If you have a taste for pastoral landscapes and formal portraits, you might want to stick with the Musée des Beaux-Arts. But for a walk on the wild side of art, see what you can make of the jagged splashes of color that cover the canvases of the "Automatistes," as Québec's rebellious artists of the 1930s styled themselves. Their works form the core of this museum's collection of 5,000 pieces. One of the leaders of the movement, Jean-Paul Riopelle (1923–2002), often tossed his brushes and palette knives aside and just squeezed the paint directly on to the canvas—sometimes several tubes at a time. In 1948, Riopelle and his friends fired the first shot in Québec's Quiet Revolution by signing Le Refus Global, a manifesto that renounced the political and religious establishment of the day and revolutionized art in the province. The museum often has weekend programs and art workshops, some of which are geared toward children, and almost all are free. And for a little romance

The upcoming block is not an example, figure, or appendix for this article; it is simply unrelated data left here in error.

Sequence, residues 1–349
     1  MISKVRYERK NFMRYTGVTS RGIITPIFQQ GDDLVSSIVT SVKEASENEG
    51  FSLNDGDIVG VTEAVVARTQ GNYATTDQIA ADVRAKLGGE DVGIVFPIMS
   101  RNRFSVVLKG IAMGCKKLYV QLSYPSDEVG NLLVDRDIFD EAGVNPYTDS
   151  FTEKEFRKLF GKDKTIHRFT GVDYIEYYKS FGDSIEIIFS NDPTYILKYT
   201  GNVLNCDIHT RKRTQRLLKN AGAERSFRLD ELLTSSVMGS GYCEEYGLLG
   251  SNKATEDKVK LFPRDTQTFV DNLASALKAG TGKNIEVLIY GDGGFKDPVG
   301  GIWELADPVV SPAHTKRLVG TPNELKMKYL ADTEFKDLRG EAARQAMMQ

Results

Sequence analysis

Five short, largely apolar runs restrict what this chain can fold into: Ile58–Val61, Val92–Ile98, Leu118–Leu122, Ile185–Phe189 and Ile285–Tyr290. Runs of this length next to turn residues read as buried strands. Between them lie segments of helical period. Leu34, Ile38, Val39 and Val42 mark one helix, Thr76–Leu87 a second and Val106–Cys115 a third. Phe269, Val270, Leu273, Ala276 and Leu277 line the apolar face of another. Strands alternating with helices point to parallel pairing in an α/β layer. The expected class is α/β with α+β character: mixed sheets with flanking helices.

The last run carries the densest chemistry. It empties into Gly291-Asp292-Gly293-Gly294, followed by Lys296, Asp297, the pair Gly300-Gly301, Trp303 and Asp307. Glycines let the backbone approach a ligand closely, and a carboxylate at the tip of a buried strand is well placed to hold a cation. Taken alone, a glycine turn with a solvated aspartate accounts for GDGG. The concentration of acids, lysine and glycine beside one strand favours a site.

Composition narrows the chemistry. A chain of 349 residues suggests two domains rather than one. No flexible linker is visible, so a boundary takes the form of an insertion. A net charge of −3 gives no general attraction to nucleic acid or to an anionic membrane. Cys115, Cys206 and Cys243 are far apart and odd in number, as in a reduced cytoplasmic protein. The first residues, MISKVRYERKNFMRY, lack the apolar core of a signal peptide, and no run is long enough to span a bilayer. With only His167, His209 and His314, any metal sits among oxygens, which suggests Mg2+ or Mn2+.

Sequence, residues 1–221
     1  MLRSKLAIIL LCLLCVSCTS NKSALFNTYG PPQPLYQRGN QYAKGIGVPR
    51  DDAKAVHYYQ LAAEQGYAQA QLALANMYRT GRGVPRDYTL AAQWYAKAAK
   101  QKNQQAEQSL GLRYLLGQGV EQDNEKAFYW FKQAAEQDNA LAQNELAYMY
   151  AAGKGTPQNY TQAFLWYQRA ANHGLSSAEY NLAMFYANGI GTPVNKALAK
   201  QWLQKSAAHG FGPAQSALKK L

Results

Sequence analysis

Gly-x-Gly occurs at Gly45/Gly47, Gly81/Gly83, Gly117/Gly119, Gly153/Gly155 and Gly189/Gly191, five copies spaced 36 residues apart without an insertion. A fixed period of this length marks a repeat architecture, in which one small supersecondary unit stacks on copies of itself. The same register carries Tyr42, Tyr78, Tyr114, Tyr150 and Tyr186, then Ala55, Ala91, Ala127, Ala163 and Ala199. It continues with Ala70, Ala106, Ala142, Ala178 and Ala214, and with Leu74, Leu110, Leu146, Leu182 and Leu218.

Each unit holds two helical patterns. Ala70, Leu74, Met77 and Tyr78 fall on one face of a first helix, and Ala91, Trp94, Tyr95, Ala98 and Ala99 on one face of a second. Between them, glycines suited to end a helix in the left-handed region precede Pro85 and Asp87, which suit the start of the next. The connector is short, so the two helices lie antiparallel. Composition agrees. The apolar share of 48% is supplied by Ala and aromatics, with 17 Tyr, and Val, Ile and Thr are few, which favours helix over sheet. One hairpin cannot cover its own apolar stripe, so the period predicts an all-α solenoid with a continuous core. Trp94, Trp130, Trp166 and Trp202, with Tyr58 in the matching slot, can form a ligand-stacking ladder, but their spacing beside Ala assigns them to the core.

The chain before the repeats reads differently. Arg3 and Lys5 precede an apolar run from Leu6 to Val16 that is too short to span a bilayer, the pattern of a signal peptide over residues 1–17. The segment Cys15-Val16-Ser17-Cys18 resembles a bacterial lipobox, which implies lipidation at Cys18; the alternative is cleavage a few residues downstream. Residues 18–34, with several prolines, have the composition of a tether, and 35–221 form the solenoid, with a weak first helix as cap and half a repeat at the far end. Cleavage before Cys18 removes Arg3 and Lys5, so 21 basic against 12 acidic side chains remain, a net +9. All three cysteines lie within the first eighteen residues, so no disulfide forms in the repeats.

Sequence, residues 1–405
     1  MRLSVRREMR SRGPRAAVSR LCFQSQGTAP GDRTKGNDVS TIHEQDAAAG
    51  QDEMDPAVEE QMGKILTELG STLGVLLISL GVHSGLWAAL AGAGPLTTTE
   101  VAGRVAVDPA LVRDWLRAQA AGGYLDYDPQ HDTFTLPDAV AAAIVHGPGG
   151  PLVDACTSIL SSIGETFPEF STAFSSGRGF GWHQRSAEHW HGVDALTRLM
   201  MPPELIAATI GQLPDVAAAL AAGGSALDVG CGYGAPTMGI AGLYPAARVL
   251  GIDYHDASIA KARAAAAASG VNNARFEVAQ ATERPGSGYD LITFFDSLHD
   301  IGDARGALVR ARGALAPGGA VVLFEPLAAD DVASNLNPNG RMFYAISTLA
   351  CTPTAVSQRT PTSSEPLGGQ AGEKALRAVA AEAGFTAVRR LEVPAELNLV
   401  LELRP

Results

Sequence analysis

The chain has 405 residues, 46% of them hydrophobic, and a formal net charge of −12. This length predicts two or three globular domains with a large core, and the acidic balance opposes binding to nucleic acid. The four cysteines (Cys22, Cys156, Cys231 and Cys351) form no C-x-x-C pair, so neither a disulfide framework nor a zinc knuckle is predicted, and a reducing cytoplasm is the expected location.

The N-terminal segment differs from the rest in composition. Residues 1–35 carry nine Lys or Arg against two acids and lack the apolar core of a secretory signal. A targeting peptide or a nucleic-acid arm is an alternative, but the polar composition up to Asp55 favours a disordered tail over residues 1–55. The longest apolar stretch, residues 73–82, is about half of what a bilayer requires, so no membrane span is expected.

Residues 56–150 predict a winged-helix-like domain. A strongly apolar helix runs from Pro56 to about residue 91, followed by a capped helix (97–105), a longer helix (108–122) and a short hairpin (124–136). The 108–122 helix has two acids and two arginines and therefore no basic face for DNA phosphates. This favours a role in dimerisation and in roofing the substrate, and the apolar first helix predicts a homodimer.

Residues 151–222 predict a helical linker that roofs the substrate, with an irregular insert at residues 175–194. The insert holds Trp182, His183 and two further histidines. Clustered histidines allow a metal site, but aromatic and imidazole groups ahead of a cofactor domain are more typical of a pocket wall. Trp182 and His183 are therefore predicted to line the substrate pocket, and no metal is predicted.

and music with your art, try the Vendredi Nocturnes (Nocturnal Fridays) with live music, bar service, and guided tours of the exhibits. Hours for guided tours vary.
With new government funding of C$18.9 million, the MAC will be expanding, doubling its exhibit space, adding an auditorium, and providing more educational activities. It's a welcome development for a museum that's been presenting art to Montreal for 50 years.